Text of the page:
Page:Democracy and Education.djvu/433

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Philosophy of Education

of maintaining a vital connection between knowledge and activity. What is learned and employed in an occupation having an aim and involving coöperation with others is moral knowledge, whether consciously so regarded or not. For it builds up a social interest and confers the intelligence needed to make that interest effective in practice. Just because the studies of the curriculum represent standard factors in social life, they are organs of initiation into social values. As mere school studies, their acquisition has only a technical worth. Acquired under conditions where their social significance is realized, they feed moral interest and develop moral insight. Moreover, the qualities of mind discussed under the topic of method of learning are all of them intrinsically moral qualities. Open-mindedness, singlemindedness, sincerity, breadth of outlook, thoroughness, assumption of responsibility for developing the consequences of ideas which are accepted, are moral traits. The habit of identifying moral characteristics with external conformity to authoritative prescriptions may lead us to ignore the ethical value of these intellectual attitudes, but the same habit tends to reduce morals to a dead and machine-like routine. Consequently while such an attitude has moral results, the results are morally undesirable—above all in a democratic society where so much depends upon personal disposition.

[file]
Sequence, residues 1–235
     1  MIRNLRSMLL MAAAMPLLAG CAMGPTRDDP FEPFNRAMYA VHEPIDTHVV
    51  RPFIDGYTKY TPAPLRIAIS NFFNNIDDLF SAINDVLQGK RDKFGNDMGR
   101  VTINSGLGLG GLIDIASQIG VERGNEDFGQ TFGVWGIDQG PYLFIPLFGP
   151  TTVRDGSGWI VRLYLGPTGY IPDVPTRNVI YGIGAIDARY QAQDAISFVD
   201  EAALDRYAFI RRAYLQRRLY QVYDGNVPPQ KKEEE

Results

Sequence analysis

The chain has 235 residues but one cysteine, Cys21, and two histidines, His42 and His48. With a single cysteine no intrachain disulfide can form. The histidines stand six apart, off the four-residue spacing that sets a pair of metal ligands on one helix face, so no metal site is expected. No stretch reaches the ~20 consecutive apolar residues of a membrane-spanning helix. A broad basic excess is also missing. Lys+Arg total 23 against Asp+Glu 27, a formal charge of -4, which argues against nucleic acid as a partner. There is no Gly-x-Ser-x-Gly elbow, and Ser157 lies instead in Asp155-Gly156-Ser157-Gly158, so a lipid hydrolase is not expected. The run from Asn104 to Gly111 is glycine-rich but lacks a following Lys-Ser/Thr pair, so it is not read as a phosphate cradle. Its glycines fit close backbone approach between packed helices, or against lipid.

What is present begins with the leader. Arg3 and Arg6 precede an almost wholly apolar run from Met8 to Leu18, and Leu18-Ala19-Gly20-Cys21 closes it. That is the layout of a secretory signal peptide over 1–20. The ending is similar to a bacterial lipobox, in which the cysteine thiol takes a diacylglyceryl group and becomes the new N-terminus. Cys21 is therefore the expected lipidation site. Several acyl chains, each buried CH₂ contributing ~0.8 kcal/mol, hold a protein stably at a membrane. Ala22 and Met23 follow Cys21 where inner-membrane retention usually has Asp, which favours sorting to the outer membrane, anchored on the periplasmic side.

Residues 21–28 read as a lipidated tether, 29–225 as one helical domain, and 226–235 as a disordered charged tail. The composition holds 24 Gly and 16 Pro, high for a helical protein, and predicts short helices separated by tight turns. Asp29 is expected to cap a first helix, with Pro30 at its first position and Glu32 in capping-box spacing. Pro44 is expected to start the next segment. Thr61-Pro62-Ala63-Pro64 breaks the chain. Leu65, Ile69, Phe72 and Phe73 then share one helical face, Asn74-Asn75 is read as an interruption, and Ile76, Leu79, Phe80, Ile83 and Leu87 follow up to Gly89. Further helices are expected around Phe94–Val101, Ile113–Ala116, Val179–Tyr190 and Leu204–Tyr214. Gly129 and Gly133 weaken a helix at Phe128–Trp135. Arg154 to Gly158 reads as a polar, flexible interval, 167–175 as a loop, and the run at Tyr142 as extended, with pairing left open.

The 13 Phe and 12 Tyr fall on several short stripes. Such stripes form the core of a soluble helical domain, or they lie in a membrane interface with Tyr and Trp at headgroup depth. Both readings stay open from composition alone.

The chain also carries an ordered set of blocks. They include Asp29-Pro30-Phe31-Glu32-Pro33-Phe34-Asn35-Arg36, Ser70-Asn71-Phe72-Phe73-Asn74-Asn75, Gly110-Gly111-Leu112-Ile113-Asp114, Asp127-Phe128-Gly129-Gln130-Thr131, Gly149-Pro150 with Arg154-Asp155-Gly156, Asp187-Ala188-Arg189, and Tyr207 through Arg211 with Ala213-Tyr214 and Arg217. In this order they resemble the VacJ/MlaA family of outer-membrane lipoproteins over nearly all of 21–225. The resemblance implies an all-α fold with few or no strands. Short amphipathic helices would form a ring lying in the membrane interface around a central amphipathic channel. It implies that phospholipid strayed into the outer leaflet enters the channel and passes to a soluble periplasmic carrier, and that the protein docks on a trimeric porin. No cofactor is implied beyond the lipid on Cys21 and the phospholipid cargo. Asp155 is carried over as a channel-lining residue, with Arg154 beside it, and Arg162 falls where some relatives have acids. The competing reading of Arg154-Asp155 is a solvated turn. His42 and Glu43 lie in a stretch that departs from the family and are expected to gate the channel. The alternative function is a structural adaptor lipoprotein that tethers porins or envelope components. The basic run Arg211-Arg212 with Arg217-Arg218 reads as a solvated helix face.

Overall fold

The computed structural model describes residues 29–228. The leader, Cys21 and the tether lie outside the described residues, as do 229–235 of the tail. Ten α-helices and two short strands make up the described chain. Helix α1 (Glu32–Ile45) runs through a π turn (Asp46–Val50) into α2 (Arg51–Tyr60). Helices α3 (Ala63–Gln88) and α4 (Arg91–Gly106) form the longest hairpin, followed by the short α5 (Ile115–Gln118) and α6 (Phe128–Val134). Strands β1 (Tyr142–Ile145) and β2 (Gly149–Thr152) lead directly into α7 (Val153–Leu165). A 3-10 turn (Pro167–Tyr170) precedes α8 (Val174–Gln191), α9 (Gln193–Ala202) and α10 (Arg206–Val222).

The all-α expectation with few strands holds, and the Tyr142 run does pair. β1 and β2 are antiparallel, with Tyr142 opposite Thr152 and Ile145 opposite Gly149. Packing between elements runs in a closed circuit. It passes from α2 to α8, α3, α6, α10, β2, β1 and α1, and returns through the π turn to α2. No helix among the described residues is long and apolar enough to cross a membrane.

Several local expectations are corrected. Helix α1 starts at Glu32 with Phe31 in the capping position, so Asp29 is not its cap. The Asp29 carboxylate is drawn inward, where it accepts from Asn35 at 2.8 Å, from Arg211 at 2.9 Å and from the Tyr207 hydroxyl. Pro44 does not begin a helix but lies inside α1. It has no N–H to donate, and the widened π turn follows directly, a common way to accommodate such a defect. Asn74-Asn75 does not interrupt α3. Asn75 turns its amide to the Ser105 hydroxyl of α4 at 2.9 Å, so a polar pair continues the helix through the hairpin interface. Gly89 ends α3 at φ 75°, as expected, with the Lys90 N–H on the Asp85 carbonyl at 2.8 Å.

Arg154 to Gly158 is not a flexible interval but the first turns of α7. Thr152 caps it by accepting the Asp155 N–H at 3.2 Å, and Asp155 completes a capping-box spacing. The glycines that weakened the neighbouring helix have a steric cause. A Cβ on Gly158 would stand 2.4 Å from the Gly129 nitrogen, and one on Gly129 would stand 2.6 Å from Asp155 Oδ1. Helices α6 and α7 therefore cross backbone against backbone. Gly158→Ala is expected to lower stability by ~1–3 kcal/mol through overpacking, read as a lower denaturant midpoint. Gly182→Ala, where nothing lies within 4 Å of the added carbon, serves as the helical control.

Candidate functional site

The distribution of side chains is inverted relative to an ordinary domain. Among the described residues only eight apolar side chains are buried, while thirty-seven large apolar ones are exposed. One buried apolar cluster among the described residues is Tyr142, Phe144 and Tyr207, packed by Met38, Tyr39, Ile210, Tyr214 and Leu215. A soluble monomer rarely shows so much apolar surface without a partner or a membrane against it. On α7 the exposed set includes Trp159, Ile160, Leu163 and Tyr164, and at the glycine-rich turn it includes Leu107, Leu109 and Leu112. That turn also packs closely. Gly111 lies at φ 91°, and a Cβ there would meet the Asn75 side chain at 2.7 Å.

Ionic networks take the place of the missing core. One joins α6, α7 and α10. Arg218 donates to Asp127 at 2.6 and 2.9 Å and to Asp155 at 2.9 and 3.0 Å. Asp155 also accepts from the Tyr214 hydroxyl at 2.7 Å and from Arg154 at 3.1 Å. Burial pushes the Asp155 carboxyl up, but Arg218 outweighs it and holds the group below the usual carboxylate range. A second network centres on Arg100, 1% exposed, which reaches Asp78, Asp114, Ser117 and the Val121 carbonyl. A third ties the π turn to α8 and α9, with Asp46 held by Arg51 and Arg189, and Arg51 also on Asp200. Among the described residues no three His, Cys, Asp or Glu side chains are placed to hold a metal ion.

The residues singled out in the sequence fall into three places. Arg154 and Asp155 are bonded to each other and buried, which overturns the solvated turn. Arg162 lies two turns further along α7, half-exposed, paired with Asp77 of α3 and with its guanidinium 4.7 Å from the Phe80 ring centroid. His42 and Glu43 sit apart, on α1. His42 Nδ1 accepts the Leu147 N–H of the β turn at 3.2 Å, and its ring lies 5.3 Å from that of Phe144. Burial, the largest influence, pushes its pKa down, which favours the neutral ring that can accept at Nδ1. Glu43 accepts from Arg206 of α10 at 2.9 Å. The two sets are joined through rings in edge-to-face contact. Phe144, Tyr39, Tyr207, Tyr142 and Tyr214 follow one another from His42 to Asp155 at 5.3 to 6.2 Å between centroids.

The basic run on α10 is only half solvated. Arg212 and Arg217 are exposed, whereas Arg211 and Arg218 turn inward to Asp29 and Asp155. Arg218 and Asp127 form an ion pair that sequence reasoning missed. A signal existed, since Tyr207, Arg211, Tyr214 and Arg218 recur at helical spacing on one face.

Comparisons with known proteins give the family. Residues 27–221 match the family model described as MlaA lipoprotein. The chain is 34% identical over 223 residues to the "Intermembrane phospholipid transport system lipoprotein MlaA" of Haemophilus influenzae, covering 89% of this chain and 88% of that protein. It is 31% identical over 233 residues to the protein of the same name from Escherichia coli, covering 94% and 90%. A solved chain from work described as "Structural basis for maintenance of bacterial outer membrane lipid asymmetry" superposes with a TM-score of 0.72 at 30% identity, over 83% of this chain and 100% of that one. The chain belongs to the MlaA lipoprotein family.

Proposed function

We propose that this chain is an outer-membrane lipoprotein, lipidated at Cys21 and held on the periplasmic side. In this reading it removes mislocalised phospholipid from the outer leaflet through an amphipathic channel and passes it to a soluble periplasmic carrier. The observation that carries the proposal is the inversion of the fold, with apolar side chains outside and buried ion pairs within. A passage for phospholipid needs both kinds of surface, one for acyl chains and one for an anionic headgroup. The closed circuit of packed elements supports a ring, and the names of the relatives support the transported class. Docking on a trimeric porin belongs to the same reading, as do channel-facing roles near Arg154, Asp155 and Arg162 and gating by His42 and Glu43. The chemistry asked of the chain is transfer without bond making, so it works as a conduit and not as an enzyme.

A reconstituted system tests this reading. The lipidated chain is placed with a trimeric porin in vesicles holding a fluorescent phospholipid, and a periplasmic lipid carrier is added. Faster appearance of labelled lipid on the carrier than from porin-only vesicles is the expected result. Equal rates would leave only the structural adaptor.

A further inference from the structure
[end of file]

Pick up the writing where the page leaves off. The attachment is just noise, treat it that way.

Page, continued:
4. The Social and the Moral.—All of the separations which we have been criticizing—and which the idea of education set forth in the previous chapters is designed to avoid—come from taking morals too narrowly—by giving them, on one side, a sentimental goody-goody turn without reference to effective ability to do what is socially needed, and, on the other side, by overemphasis of convention and tradition which limits morals to a list of definitely stated acts. As matter of fact, morals are as broad as acts which concern our relationships with others. And potentially this includes all our acts, even though their social bearing may not be thought of at the time of per-